Two children are at the centre of a tug-of-war between a homosexual father and a lesbian mother in a legal case that highlights the pitfalls of artificial insemination.
The children’s mother and her lesbian civil partner appeared in the Court of Appeal yesterday to challenge a decision that ordered the children to spend almost half the year with their father – a homosexual.
The children were conceived through artificial insemination, but the court heard that the father was more than just a sperm donor.
The lesbian couple claim that they are the main carers and that the children should live with them, with more limited contact with their father.
But the father disputes this. In 1999 the man, who is now 51-years-old, placed an advert in a prominent homosexual magazine saying that he wanted to be a father.
And yesterday Alex Verdan QC, the father’s barrister, argued that his client had always been clear that he wanted to be involved in the children’s lives and upbringing.
The lesbian couple replied to his advert and two children, who are now aged nine and seven, were conceived through artificial insemination.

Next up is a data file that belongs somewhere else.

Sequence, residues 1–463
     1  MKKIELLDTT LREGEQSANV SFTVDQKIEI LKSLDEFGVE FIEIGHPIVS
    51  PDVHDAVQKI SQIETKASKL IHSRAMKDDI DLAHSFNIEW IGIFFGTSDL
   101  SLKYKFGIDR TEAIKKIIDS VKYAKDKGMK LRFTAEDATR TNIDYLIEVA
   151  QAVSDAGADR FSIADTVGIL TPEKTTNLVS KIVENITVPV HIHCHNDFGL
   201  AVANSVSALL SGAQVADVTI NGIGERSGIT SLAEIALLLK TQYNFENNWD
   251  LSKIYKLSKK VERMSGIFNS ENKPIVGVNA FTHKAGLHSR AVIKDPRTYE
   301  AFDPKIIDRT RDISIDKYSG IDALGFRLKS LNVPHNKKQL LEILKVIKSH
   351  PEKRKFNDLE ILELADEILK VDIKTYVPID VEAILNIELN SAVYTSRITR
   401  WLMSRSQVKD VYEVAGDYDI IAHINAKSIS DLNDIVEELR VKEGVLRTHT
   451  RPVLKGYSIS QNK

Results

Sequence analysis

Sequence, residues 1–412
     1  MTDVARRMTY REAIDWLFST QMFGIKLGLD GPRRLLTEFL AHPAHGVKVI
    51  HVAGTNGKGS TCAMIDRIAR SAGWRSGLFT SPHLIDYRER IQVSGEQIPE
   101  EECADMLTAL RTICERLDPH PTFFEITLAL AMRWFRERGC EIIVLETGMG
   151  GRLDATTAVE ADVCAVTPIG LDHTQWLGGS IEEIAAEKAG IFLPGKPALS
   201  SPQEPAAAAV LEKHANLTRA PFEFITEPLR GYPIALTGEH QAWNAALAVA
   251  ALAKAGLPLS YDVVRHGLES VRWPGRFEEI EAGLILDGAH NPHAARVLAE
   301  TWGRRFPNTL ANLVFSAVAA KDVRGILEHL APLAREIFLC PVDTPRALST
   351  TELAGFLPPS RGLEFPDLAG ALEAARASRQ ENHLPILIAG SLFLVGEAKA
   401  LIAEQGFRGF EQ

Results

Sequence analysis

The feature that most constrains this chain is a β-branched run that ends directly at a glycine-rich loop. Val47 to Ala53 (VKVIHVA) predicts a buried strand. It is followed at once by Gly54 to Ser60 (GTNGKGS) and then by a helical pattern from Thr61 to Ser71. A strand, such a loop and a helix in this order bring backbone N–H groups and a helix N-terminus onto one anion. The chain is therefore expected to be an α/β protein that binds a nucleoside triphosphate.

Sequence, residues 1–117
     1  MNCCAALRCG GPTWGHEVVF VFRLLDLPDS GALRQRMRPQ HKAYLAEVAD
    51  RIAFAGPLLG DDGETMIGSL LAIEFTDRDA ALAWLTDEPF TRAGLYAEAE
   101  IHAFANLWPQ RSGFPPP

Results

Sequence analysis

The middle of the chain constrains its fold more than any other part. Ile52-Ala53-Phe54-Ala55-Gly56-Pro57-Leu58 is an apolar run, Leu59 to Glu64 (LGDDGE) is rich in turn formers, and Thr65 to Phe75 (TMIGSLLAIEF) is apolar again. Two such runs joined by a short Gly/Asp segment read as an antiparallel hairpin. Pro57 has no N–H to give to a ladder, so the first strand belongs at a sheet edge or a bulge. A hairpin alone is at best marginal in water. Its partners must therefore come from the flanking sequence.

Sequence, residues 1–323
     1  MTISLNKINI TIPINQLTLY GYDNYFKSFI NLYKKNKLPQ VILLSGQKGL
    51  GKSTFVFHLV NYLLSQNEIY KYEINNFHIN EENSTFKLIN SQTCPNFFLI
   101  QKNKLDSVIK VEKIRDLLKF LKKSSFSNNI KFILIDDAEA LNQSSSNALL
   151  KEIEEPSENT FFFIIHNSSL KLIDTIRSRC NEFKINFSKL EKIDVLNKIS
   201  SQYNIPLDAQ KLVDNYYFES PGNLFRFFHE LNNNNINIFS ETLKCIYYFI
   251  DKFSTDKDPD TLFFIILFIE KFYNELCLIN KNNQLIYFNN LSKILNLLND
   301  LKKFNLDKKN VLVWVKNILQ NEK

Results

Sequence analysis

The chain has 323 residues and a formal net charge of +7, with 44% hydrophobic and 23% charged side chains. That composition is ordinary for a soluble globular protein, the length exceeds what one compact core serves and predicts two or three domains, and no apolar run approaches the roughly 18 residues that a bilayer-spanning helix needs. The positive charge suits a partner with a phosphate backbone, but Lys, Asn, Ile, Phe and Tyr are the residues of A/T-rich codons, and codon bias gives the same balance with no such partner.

But since then the father has been accused of trying to marginalise the mother’s lesbian partner.
Family campaigners have warned that the case highlights the damage that can be done to children conceived through artificial insemination.
Norman Wells, director of the Family Education Trust, said: “It’s always a recipe for disaster to try and create children to order by artificial means to satisfy the desires of natural parents who are unrelated and lack a shared commitment to parenting.”
Last November a senior Government parenting adviser claimed that lesbians made better parents than heterosexual couples.
But critics hit back and said that children need fathers. They also pointed to a wealth of studies which said children do best when raised by their married biological parents.